How to attract wildlife to your garden

How to attract wildlife to your garden
blue tit

Gardeners can often fall into two camps – those who love to watch any wildlife, appreciate their presence and much-needed help nibbling slugs and snails, even if they may eat a few too many sweet pea seeds or onion sets to boot.

Then there are those who try their best not to encourage too many garden beasties at any time of year as their habit of ravaging brassicas, lettuce or newly planted seedlings can be really disheartening.

It’s best to be in both camps, really, by being wary of potential damage and trying to prevent it – but also appreciating our wonderful garden friends’ merits.

Attracting wildlife to a garden is all about creating a balanced environment. Everything has its place in the world and most animals are beneficial in some way, even if we can’t see it directly. So we must help them all to thrive or they’ll disappear!

Birds are a wonderful sight darting among the frosty tree branches in winter and they are so easily attracted by mountains of suet, peanut cakes, stored windfall apples, raisins, fat balls, and grain. In fact, birds such as blackcaps and greenfinches are increasing in our gardens as they’ve worked out that we love to feed them and they know where they can get a real feast. Densely-berried bushes are a real boon – and there’s still time to plant some now, such as bright orange-red cotoneaster and pyracantha. If there’s one thing you can plant that’ll be most beneficial to you as well as birds, it’s these two beautiful shrubs.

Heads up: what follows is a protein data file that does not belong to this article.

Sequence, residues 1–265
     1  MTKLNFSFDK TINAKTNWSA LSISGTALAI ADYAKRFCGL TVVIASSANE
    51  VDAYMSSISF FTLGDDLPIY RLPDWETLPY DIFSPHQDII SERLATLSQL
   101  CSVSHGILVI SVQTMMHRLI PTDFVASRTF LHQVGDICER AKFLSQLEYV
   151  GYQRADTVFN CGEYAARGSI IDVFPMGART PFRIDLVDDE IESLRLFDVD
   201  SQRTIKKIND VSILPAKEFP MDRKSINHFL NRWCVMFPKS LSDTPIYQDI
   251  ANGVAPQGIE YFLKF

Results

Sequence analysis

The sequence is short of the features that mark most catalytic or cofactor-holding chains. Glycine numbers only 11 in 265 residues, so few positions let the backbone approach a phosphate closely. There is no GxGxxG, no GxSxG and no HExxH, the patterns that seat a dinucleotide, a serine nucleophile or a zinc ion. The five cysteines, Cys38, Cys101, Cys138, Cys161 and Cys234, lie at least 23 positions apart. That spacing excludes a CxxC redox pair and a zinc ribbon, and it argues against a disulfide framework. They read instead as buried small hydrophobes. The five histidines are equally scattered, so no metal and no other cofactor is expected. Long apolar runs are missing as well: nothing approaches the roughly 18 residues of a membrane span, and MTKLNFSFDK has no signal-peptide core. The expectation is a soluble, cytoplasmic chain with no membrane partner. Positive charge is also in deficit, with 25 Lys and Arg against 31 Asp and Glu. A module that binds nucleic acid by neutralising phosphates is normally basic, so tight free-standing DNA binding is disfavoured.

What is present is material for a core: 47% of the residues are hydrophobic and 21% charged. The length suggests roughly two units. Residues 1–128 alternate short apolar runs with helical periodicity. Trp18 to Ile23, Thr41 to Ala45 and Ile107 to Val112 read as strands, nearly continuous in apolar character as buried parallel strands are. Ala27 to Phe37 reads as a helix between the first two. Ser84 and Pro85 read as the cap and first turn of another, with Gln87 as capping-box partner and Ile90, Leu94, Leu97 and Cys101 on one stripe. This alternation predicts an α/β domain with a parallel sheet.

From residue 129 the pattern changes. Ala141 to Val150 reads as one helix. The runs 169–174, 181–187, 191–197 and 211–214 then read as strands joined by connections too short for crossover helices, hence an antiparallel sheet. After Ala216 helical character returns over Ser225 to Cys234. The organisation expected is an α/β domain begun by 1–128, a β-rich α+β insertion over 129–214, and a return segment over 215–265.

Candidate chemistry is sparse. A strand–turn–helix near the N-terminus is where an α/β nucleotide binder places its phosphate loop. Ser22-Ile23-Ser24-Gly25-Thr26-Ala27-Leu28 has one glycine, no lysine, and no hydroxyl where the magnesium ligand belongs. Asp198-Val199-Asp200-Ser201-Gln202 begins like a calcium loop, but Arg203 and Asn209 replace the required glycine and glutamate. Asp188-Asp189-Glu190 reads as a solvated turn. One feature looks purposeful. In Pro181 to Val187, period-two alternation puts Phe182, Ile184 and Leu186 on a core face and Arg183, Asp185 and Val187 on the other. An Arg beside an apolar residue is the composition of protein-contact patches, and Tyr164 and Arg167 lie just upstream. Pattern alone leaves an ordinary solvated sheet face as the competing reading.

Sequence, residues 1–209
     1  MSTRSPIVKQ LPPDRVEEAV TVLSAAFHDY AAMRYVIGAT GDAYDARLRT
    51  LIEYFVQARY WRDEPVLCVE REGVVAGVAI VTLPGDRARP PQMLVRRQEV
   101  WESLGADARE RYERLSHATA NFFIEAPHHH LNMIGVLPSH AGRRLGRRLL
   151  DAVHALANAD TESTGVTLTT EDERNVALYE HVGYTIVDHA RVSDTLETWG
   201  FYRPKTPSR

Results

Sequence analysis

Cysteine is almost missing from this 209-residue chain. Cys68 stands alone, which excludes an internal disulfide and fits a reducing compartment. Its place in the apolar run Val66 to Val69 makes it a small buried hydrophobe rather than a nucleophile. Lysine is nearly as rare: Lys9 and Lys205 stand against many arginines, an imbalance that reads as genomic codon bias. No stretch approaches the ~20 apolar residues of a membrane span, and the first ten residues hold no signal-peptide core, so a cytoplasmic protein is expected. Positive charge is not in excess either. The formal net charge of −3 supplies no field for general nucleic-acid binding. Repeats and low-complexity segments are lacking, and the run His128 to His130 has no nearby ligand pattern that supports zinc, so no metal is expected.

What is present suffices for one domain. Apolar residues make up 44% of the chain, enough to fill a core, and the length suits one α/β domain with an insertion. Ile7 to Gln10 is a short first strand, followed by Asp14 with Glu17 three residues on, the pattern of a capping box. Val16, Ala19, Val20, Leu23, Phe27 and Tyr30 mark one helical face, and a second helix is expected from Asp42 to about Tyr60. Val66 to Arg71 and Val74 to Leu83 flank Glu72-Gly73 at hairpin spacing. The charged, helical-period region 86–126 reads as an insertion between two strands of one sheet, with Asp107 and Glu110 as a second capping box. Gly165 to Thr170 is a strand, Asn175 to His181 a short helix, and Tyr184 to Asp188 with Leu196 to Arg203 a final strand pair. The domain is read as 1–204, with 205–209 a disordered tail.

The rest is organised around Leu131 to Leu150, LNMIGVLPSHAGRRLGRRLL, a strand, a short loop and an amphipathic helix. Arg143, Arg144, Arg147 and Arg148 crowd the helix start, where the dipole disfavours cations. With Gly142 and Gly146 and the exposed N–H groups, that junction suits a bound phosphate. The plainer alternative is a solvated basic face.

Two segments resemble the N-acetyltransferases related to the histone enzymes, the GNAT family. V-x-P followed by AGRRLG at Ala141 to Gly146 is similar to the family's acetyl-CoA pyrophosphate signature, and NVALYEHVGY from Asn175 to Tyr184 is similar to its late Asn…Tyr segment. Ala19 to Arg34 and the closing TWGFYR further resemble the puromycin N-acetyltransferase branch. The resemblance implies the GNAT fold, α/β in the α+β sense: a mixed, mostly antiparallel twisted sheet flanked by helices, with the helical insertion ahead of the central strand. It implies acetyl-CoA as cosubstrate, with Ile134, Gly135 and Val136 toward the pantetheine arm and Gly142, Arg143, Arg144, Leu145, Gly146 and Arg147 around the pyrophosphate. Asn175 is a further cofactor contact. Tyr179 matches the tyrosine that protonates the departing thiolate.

As for other wildlife, there’s plenty you can do to keep them happy. Create a compost heap, as its warmth and shelter offer frogs, slow worms, toads and other animals respite – just be careful when you fork it over in case any are lurking.

Woodpiles with nooks and crannies can be good shelter too. Most of your stout perennials with strong enough stems such as phlomis and sedums don’t need to be chopped back – which is one less job to do!

Lacewings and ladybirds, friends of the garden, will sleep among their hidey-holes. Though if the winter wet has reduced your foliage to mush, they’re no use and can be cut back before the usual springtime chop. Keep bird baths and boxes clean and tidy as well as hedgehog food areas, too.

Then get yourself some binoculars and see what comes to visit!

‘Berrima Gold’

‘Berrima Gold’

Three coloured conifers to plant now:

  • Incense cedar ‘Berrima Gold’
    Slow-growing conifer with orange bark and yellow-green foliage tipped orange in winter.
‘Minima Aurea’

‘Minima Aurea’

  • Lawson’s cypress ‘Minima Aurea’

A conical dwarf conifer to add a little stout interest to beds. Bright lime- yellow foliage.

Blue Spruce
  • Blue spruce

Stunning silver-blue ‘fluffy’ foliage, makes an attractive pyramidal shape.

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